He worked hard with me, carefully cracking the grammar exercises from the book, then unscrambling my well-thumbed cards to set out the Rinvolucri story of 'The Woman, the Hypnotist, the Egg and the Baby' ("I want you to relax... I want you to become a hen and lay an egg."), which was pitched just right, so that I could sit back and let him do the work, and the prompts that I gave were only enough to make him think for himself. -"If 'the doctors' is the object of this clause, can it also be the subject of that one?", or " Well, the logic of the grammar is fine, but..." so he would finish my sentence "... but the logic of the story isn't."
After I left him, I met Iso and Princeling for a walk. Having taken the holiday into account, I'd got up early and made sandwiches. Princeling, now two and a half, is also working very hard at processing two languages, and is not inclined to commit himself to coming out with either until he's quite certain about them. But he understands just fine, and was much kinder to Molly than the last time they met. She on the other hand rather disgraced herself by snarling at him when he came round to her side and took a sandwich from the pile in front of her. But we all rubbed along fine in the end, and the rain held off.
Feeding the sweet little ducklings on the lake with the leftover crusts turned out to be somewhat fraught, however, since the mother ducks became very aggressive towards the ducklings not belonging to their own numerous broods, then finished up by fighting one another nearly to the death, as it appeared, and abandoning their young to fly off and continue the conflict on another part of the lake. Molly had to be held down to prevent her from joining the fray, and Princeling nearly threw Ooh-Aah the monkey in the lake along with a crust of bread he was holding in the same hand. So that wasn't quite as idyllic as it had promised to be.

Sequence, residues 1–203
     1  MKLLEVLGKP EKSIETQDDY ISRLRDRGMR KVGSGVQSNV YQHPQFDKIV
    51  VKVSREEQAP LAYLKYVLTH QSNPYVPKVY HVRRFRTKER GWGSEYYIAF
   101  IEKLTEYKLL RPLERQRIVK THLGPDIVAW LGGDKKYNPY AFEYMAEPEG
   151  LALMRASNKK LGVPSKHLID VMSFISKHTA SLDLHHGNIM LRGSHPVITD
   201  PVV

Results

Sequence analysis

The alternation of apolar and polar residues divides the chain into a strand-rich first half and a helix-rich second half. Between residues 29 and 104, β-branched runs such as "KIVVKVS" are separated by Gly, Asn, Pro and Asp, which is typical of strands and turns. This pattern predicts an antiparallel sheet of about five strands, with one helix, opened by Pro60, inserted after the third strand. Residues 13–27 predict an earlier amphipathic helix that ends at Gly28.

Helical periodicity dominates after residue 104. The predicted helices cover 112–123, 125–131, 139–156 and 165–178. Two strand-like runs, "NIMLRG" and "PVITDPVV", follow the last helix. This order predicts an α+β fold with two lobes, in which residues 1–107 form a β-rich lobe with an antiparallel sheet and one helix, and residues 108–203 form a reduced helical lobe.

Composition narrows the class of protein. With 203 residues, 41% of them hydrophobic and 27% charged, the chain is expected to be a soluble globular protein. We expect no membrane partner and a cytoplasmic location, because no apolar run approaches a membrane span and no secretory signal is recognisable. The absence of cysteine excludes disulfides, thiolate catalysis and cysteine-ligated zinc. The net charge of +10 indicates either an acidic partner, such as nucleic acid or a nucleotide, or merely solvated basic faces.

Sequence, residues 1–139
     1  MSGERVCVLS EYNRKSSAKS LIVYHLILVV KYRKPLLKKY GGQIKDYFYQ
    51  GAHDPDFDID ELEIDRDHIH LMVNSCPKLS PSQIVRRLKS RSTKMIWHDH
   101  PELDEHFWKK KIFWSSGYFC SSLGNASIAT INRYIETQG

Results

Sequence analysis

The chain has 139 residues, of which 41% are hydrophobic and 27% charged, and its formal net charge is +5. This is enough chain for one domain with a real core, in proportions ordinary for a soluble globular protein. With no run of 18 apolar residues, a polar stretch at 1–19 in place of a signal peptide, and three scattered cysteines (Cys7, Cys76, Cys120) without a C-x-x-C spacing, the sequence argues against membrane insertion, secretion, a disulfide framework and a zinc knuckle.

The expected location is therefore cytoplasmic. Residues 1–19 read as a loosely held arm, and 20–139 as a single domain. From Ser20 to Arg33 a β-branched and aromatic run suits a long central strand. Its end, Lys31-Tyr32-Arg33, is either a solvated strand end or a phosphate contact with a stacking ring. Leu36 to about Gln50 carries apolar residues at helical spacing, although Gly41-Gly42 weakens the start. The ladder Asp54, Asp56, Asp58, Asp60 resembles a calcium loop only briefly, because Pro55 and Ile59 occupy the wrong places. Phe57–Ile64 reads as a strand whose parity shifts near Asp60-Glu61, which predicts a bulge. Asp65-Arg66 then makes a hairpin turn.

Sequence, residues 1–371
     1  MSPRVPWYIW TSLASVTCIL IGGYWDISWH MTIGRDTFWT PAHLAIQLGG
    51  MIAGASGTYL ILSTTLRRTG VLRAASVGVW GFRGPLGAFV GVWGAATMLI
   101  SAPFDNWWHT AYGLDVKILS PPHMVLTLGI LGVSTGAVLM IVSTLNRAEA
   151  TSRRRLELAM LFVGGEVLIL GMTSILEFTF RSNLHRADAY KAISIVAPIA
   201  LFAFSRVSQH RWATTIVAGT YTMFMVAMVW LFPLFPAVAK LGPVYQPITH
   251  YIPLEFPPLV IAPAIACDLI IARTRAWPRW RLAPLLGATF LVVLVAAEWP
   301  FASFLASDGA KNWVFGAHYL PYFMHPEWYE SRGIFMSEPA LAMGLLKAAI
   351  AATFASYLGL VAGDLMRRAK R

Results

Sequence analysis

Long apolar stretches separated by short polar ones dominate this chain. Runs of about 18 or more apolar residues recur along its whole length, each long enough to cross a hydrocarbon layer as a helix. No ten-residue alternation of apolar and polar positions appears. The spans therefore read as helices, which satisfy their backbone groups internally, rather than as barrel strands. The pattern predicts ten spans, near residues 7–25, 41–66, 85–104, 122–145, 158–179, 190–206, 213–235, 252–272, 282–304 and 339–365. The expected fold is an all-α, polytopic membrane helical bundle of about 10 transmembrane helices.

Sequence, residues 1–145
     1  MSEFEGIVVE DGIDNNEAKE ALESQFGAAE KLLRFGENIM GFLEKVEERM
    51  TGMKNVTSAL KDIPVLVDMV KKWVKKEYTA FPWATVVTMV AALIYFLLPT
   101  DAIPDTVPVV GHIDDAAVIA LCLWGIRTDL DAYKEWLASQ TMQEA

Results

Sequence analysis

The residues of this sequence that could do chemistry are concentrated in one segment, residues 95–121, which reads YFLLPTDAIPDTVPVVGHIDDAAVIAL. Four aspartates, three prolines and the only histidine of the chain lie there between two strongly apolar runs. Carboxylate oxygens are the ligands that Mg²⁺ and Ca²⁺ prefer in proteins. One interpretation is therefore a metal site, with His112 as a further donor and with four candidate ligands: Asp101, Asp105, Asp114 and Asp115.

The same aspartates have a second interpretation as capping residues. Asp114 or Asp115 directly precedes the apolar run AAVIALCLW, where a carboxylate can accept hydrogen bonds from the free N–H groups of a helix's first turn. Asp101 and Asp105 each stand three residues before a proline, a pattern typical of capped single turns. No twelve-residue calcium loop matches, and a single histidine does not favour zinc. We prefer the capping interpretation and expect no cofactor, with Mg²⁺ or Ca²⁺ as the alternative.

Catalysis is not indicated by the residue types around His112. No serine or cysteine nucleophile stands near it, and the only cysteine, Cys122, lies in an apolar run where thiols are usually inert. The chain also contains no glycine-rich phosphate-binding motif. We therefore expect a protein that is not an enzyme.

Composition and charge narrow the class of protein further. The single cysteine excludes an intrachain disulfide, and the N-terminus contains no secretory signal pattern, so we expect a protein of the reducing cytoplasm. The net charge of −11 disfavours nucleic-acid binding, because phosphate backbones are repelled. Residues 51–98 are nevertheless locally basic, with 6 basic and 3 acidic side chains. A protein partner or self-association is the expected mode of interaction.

We continued nevertheless, and made our way into town to find somwhere that might be open to serve us coffee. The terrace of a pizza restaurant finally came up with the goods, and even offered us a choice of desserts including chocolate mousse, so Princeling got to go home with a chocolaty face, which seems to be de rigueur whenever I go out with them. I forgot to bring the camera.
A somewhat merry man, possibly having enjoyed his festive lunch, was capering and calling from the pavement, proffering small bunches of muguet at a euro apiece. Iso had earlier observed that she had never actually given or received the flowers, so I took his last one with the change I had in my pocket and gave it to her. I think one of the things I also like about the custom is it isn't related to any particular family or romantic relationship, has no religious significance, it is simple, light gesture between friends, perhaps between workmates, as light and pleasant and sweet as the fragrance and appearance of the flowers themselves. Iso was one of my earliest real friends here, she kept me sane when we were doing a horrendous job at a technical lycée together years ago; she was very young and very brave and very lovely, (she still is, 'une muguette', one might say!), she made me laugh and left things , like a copy of 'The Girl with the Pearl Earring, in my locker. The friendship has lasted through not a few changes, and I've always been glad that I took on the job because of it.
So, here's to muguet, in celebration of work and courage and solidarity and friendship, and simply for the love of its fragrance and beauty. M's gorgeous pot of it is beside me on the bookshelves now, and will continue to fill the room with its perfume in the days to come.